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Bharat Sundaresan

Posted: Nov 20, 2011 at 0010 hrs IST
      

Mumbai: A few days before he was appointed as the head coach of the Indian cricket team in May, Duncan Fletcher made a visit to the BCCI headquarters in Mumbai to sort out a few formalities. As he sat chatting with the board's chief administrative officer Ratnakar Shetty, the burly Zimbabwean was introduced to Sudhir Naik, a former Test opener and the man then in-charge of the pitch at the Wankhede Stadium. After exchanging the usual pleasantries, the two indulged in a brief discussion regarding the state of wickets around the country.

Fletcher and Naik soon parted ways, promising to meet again on a later date to advance their dialogue but not before the former England coach showered his praise on the Wankhede pitch, based on his past experiences. It is a conversation that Naik remembers fondly. He recalls Fletcher having asserted that the wicket his former team had played India on here in 2006-the last Test to be played at the venue-was the best he had ever seen in the country. “He was the England coach then, and I still believe it was the best pitch for Test cricket I have seen in India. It helped both fast bowlers and spinners, and also allowed the batsmen to score freely,” Naik recalls.

Though not contracted with the Mumbai Cricket Association (MCA), Naik is back at his hallowed turf, after having agreed to monitor the preparation of the pitch, as the Wankhede Stadium welcomes back Test cricket following a near six-year gap. And while he is looking forward to resume his pitch forum with Fletcher, Naik is confident that the Indian coach will like what he sees this time around too.

“It's been manicured perfectly, and there will be wonderful carry on this wicket. The West Indians always prefer pitches with bounce, and here the batsmen on both sides will find it easier to play strokes on the rise,” says Naik.

Not like Kotla, Eden

The pitches during the first two Tests at Delhi and Kolkata did come for mild criticism, especially because of their slow nature. Both matches finished in less than four days, but while the Ferozshah Kotla did provide some added assistance to the spinners in particular, the second Test at the Eden Gardens was basically decided following the visitors inexplicable first-innings collapse on the third morning.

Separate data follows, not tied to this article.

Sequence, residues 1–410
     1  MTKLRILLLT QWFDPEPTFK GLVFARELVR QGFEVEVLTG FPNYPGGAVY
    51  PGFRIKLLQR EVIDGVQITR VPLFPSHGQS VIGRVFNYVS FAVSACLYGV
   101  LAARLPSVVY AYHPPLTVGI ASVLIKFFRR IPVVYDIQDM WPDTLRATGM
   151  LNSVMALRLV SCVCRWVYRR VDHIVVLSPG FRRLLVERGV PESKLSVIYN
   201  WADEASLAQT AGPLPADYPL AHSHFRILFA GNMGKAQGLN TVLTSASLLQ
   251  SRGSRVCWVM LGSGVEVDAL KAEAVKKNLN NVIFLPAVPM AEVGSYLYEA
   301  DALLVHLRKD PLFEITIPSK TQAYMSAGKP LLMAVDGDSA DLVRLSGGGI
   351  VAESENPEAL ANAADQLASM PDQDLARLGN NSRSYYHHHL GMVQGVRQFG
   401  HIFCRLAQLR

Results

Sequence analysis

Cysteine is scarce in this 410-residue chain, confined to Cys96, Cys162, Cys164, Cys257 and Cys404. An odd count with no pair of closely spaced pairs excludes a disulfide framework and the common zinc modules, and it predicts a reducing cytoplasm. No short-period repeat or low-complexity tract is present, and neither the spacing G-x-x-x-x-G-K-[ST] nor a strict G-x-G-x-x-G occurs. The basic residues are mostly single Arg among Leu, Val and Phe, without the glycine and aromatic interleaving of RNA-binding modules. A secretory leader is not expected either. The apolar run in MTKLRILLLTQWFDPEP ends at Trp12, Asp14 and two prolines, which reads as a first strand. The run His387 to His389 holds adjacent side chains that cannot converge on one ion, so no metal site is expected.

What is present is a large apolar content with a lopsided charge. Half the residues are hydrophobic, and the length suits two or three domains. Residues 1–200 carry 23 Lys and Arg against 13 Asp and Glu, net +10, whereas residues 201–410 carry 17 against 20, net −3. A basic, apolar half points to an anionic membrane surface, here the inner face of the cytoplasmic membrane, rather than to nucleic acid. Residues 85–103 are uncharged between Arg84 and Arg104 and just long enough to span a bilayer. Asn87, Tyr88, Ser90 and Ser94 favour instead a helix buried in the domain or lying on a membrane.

Despite his spinners, Pragyan Ojha and Ravichandran Ashwin, having dominated the series, with 13 wickets apiece-26 wickets at 22.73 overall-skipper MS Dhoni had thrown in a not-so-subtle hint on what he expected from the pitch for the third Test. “India is known for wickets where it turns more for the spinners and there is consistent bounce,” he had said after India had wrapped up the series in Kolkata.

The West Indians, meanwhile, will be definitely hoping that they don't get a repeat of what was offered to them nine years ago, when they came touring these parts. The spinners-Harbhajan Singh and Anil Kumble-shared 15 wickets amongst them, handing the men from the Caribbean a whopping innings and 112-run hammering.

Naik believes the West Indian pacemen will like bowling on the Wankhede wicket, but he also ensures that Dhoni will have no complaints about what is dished out for the third Test. “The spinners will get consistent bounce, and there will be a lot of turn on offer later on,” he says.

Apart from the wicket, Naik insists that the rest of the stadium too looks in ‘tip-top' condition, and that it is ready to regain its standing among the most glorious venues for Test cricket in the world. What will also surely help matters, despite the overkill, is the anticipation of a home boy's 100th century. “If he stays at the wicket for half an hour,” he says, “I am sure he will get it here.”

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